Although Microsoft did pretty well in quarterly sales and profits for the March quarter, that doesn't mean they are out of the woods. Far from it. Sure, lots of PC makers may have ordered Windows 8, but sales are flagging, and those results were clearly inevitable. Unless Microsoft does something to address the most serious problems with their new OS, it's going to be a continuous slide over the years.
One strong possibility is that Microsoft may make it possible for users to default boot into the Windows 8 desktop, and restore the Start menu. There's already a very popular utility that millions have purchased to do the latter. With Microsoft working on an OS upgrade code-named "Blue," which is expected to be known as Windows 8.1, this may happen soon enough. In a sense, booting Windows 8 to the desktop may be something akin to a Windows 7.5, which could satisfy users who wouldn't touch the interface formerly known as Metro with a ten-foot pole.
Now on this weekend's episode of The Tech Night Owl LIVE, we presented commentator Kirk McElhearn, Macworld's "iTunes Guy," and the editor of Mac OS X Hints, who discussed the issues involved in dealing with your personal technology after moving from one country to another. One key question involves handling iTunes content protected by DRM, such as movies and videos. You see, iTunes is country, or region, specific, and requires a local credit card to be active. That means, for example, that Kirk has to keep his French credit card active even though he moved to the UK. Confusing? You bet!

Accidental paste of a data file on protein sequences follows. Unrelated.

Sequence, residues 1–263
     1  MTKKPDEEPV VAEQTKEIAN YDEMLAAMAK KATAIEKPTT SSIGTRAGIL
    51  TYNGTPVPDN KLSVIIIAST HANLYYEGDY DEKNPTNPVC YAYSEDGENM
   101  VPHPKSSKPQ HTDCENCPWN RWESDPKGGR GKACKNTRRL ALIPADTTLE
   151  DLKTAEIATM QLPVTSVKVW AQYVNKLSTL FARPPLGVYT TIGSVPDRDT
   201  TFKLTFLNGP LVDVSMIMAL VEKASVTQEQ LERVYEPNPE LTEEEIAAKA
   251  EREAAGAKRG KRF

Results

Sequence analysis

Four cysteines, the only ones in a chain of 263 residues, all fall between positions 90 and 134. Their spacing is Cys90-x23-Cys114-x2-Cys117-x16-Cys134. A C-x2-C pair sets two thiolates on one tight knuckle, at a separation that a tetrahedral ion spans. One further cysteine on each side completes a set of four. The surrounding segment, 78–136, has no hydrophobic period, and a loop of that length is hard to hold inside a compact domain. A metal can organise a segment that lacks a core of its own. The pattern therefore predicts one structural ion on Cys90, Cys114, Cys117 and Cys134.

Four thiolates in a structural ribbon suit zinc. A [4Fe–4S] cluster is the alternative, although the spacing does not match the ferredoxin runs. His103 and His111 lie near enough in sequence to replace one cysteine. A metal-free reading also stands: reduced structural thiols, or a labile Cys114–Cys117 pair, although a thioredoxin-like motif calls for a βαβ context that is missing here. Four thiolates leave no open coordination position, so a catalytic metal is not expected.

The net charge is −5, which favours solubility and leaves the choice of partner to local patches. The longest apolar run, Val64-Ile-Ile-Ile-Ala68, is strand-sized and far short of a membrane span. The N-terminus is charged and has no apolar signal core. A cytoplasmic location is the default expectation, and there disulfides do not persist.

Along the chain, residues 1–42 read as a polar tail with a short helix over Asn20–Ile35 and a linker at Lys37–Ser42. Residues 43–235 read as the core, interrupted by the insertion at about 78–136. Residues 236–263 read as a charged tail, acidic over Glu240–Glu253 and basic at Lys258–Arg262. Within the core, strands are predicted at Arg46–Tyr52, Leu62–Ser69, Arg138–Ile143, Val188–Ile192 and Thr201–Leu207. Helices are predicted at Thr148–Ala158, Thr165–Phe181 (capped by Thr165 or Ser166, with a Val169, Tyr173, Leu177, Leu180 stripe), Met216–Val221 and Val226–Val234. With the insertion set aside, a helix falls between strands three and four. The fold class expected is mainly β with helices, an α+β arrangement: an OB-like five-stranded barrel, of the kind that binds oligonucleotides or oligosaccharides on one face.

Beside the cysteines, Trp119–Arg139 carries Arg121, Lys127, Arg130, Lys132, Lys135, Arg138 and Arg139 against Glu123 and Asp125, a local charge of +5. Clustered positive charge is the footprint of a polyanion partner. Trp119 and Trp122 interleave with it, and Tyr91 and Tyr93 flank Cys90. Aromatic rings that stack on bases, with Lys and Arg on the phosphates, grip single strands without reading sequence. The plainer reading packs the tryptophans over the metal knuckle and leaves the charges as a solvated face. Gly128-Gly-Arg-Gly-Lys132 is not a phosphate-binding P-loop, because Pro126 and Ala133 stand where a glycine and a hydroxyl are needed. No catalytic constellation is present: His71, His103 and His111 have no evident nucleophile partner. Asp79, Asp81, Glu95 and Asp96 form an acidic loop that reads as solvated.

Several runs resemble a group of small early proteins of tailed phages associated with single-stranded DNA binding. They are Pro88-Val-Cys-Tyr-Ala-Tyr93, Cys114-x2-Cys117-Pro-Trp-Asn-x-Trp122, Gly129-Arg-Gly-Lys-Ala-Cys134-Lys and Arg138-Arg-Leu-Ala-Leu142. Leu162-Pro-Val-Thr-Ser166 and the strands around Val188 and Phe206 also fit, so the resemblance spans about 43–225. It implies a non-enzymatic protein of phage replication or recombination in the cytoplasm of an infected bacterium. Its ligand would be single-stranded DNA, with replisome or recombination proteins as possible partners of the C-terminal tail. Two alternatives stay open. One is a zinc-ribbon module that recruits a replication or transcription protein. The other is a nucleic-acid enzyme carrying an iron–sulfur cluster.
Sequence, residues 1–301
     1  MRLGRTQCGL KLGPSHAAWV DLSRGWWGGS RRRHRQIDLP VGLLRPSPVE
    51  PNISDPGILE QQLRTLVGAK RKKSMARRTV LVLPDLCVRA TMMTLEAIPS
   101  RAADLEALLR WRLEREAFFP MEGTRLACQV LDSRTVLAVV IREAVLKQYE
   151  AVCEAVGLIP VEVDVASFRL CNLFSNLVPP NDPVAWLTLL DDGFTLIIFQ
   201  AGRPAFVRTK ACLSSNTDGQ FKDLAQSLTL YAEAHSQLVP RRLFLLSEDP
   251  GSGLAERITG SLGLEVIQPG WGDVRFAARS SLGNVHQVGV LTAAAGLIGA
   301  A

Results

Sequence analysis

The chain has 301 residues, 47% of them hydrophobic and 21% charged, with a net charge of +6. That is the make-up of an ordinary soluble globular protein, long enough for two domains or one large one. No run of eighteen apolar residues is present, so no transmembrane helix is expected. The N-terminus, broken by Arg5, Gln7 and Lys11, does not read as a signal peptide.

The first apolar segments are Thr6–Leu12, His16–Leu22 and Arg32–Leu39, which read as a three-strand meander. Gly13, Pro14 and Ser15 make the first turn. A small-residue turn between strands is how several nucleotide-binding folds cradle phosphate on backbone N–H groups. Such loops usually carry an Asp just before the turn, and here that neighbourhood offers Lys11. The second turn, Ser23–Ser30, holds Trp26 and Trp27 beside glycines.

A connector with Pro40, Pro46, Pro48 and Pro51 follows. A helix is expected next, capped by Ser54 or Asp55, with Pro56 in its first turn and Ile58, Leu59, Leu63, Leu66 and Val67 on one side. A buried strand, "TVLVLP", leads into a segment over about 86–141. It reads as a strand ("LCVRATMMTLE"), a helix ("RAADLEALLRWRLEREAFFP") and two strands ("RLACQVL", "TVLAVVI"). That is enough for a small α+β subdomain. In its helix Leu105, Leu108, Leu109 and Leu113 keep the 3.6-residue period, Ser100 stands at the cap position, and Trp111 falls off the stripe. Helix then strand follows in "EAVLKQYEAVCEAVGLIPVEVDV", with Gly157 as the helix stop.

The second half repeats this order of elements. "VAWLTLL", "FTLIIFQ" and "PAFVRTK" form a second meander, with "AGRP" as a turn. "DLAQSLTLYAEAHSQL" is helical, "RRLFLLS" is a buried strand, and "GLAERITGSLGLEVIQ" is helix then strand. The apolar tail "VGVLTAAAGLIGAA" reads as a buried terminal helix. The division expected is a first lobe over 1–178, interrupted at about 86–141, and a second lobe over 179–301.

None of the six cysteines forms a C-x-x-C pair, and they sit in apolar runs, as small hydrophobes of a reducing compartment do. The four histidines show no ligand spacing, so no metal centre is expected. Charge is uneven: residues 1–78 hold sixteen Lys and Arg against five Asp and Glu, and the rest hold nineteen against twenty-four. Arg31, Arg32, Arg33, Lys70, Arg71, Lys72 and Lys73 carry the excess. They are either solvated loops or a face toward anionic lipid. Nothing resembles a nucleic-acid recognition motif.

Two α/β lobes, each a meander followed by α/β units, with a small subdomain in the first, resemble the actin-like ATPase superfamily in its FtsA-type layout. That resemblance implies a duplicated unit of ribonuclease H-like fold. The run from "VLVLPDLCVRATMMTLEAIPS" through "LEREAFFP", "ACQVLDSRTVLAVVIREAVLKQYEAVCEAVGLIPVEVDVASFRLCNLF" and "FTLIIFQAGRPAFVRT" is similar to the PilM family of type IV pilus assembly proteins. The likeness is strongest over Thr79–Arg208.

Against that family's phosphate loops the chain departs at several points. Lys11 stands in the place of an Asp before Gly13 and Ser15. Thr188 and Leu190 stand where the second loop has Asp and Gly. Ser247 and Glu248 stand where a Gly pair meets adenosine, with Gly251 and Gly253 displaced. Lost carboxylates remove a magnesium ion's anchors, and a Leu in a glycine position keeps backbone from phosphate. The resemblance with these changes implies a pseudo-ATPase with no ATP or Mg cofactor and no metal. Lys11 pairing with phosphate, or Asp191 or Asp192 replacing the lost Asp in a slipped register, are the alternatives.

We also featured Bryan Chaffin, co-founder and co-publisher of The Mac Observer, who explained how Microsoft is shooting itself in the foot with current policies, how Samsung was caught in the act paying for anonymous bashing of a rival, HTC, how Google's Eric Schmidt found "religion" on privacy because of mini-drones, and other hot topics.
Special! I was a featured guest on the 200th episode of The Mac Observer's Apple Context Machine radio show. During the episode, I "beamed in" to give my fearless predictions about future hardware, and list some of my favorite iOS apps.
On this week's episode of our other radio show, The Paracast: Gene and Chris present controversial UFO promoter Blake Cousins, who has posted hundreds of alleged UFO photos on a YouTube channel. This is an unforgettable episode where you may even wonder whether the guest will actually show up. We also feature active forum member Goggs Mackay as a guest panelist.